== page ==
We have installed good winter tyres, Nokian Hakkapeliitta R2s, They are great tyres and perform well in all the conditions we have had so far. The R2 is designed for low rolling resistance and scores very highly in tyre tests. We have found that the R2s are noisier than the summer tyres, but overall the noise level is not much worse.
On slippery roads, the traction control works really well, no torque-steer at all with really only the light on the dash to tell you what is happening. EVs generally have good traction control as the motor is far more responsive than a gas engine. Under hard braking, the ABS works well, just like any other VW.
Regenerative braking seems to work differently if the battery is cold. In warmer weather, we see about 50kW of regen in B mode and 100kW under braking. With low temps, the regen seems to be much reduced, perhaps less than half of normal operation. This is similar to driving with the battery close to 100%. I suspect that the battery is being protected from some high current events.
Volkswagen have clearly put a lot of effort into making the e-Golf comfortable in the winter. The heater is very powerful, keeping the cabin warm in temps well below -20C. There is a combination of heat pump and resistive heating, with a total power draw of about 6-7kW. When the car is cold and you turn on the heated seats, heat front and rear windscreens, the power draw sits at about 7.8kW, a huge draw. Once the cabin is warm, this seems to cycle between 4.4 and 6 kW at -20C.
On the cold days I have been using the preheating function to take the edge off, it is nice to reach the car across the large and windy parking lot at work and settle into a warm car. It is a shame you can’t turn the seat heaters on with the timer, but they come on in a few seconds.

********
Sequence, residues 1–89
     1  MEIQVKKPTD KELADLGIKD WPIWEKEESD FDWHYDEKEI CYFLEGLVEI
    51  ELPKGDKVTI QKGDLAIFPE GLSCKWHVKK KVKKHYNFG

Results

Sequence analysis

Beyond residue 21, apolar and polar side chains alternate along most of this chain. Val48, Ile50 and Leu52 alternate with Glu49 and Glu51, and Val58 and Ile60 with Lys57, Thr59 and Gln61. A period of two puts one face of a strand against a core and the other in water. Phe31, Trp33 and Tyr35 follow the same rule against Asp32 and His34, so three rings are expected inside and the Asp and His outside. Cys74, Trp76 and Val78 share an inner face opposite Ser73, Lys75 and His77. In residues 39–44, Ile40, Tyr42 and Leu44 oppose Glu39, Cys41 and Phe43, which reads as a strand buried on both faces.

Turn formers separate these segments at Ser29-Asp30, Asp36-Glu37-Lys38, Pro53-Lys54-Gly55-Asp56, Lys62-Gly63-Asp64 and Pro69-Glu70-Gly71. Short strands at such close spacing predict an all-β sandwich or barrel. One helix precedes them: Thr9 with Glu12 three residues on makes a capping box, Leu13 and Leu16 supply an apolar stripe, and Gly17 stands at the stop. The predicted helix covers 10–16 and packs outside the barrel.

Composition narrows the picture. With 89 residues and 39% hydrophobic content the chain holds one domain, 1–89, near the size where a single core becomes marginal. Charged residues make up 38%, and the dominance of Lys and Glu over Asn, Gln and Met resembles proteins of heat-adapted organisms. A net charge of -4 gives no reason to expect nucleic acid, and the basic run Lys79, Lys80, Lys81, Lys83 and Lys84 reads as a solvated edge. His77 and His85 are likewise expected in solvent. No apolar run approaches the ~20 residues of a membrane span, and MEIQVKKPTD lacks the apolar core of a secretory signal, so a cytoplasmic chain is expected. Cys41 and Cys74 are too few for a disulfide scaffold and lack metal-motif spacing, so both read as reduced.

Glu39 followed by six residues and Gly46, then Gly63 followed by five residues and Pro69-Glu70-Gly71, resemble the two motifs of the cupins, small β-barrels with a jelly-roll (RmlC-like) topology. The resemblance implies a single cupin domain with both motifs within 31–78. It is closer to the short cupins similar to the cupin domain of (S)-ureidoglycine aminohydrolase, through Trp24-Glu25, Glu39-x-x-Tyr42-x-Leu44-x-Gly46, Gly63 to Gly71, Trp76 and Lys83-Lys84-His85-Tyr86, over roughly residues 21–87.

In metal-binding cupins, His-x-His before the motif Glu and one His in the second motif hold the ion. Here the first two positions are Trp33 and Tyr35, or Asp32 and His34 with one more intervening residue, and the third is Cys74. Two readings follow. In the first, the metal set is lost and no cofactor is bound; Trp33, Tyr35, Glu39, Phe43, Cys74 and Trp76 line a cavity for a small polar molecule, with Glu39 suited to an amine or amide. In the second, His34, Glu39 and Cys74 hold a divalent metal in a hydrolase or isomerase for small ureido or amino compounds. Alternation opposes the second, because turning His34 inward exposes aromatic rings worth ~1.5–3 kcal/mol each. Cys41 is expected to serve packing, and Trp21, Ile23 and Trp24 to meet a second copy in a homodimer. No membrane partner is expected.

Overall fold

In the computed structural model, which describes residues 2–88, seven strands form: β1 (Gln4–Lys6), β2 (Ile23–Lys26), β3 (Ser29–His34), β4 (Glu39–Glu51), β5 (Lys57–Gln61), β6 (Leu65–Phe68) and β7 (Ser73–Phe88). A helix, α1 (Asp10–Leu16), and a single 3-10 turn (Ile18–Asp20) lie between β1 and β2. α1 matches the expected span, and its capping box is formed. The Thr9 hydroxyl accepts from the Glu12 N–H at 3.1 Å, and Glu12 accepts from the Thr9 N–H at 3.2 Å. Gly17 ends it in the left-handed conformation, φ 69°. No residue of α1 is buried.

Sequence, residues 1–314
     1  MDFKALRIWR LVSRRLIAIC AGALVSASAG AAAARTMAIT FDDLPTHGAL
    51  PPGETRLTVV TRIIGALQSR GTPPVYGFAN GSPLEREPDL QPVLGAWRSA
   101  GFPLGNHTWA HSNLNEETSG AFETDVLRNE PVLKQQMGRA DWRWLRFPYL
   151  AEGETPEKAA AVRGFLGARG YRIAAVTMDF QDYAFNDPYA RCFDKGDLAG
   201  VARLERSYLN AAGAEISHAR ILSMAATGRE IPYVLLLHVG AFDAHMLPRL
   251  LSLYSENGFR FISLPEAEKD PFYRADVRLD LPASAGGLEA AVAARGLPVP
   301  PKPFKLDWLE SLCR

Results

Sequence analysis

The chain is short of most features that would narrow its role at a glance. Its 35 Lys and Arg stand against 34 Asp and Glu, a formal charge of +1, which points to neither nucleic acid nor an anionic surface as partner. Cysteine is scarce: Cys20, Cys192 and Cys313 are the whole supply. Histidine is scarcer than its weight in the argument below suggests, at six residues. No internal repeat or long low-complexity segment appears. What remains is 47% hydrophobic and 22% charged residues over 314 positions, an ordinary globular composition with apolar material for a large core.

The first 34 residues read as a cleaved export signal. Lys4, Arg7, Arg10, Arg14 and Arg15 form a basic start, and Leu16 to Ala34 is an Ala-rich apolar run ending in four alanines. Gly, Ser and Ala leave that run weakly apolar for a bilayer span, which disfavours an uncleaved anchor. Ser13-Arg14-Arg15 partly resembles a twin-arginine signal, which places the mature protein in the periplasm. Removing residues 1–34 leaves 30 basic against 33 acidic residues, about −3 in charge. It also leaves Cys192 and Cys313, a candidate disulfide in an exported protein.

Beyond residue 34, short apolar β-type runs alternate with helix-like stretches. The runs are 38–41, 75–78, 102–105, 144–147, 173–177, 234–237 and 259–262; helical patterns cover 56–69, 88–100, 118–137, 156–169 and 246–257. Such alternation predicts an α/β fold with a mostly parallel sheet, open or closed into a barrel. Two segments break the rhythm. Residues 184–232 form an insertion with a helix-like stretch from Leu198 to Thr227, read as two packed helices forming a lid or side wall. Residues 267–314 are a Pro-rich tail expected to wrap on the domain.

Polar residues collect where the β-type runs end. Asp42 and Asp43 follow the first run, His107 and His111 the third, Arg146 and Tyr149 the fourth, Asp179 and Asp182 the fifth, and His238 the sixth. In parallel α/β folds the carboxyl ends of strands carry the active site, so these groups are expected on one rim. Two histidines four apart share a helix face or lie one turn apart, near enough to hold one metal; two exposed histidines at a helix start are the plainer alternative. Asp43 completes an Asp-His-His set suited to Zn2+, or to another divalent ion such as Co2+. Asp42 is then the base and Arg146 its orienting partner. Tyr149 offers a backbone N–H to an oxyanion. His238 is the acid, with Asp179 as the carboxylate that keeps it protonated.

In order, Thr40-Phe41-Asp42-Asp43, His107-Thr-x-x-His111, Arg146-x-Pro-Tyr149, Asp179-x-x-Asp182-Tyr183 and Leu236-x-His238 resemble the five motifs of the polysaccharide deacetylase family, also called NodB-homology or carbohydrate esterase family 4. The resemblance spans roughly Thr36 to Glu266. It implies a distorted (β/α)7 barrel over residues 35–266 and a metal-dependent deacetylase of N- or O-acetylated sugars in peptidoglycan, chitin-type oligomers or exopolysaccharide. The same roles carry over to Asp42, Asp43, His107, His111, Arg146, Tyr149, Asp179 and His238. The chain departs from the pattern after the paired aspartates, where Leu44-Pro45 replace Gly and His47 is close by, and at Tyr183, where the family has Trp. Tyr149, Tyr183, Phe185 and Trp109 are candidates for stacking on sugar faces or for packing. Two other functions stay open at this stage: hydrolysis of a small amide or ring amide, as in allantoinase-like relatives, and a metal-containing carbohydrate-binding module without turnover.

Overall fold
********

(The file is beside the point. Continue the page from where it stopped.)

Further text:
All this warmth has a big impact on range guess-o-meter (GoM) and the real range. We keep our car in our garage that sits at a few degrees above zero if it is -20C outside. We see about 110 km on the GoM before we turn the car on, about 130 km when the car is on.
Driving around town is about the worst thing you can do for range in the winter, the draw of the heating systems does not drop as you sit in traffic, getting out of the car to run an errand lets the cabin cool down and you have to put a bunch of heat back in. On Saturday we did about 75km in -22C temps with about 6 stops over the day, we got home with about 25km range, so 100km is a realistic range in these conditions. This was the only time I have experienced a touch of range anxiety in town, but when I thought it through, I know where the DC fast chargers are and we were never more than a few km from one so if we had gotten close to running out of electrons, I could have picked some up easily.
We use about 30kWh/100km at -20C, compared with about 16 kWh/100km in warmer weather. A lot of this is the heating but there is also some loss of range due to increases in rolling resistance due to road conditions and hysteresis of the cold tyres. Air resistance is higher in cold temperatures too. Fossil cars are also much less efficient in cold weather, perhaps 30% or so.
The reduction of range really brings into focus the benefits of workplace charging. If you have a longer commute, plugging in at work, with the option to preheat your car without using the battery is a big help. Thankfully, the e-Golf does not have to be plugged-in to use the preheat function.
When we bought Alice, we did so on the assumption that we would rent a car for all long trips. In warmer weather we have not found that necessary, but I think we would have to think hard about a long trip in the depth of winter. On the other hand, in town, even in a cold snap we have a car that is warm, comfortable, easy and safe to drive on difficult roads and I have not had to stand in -20C for 5 minutes to fuel up.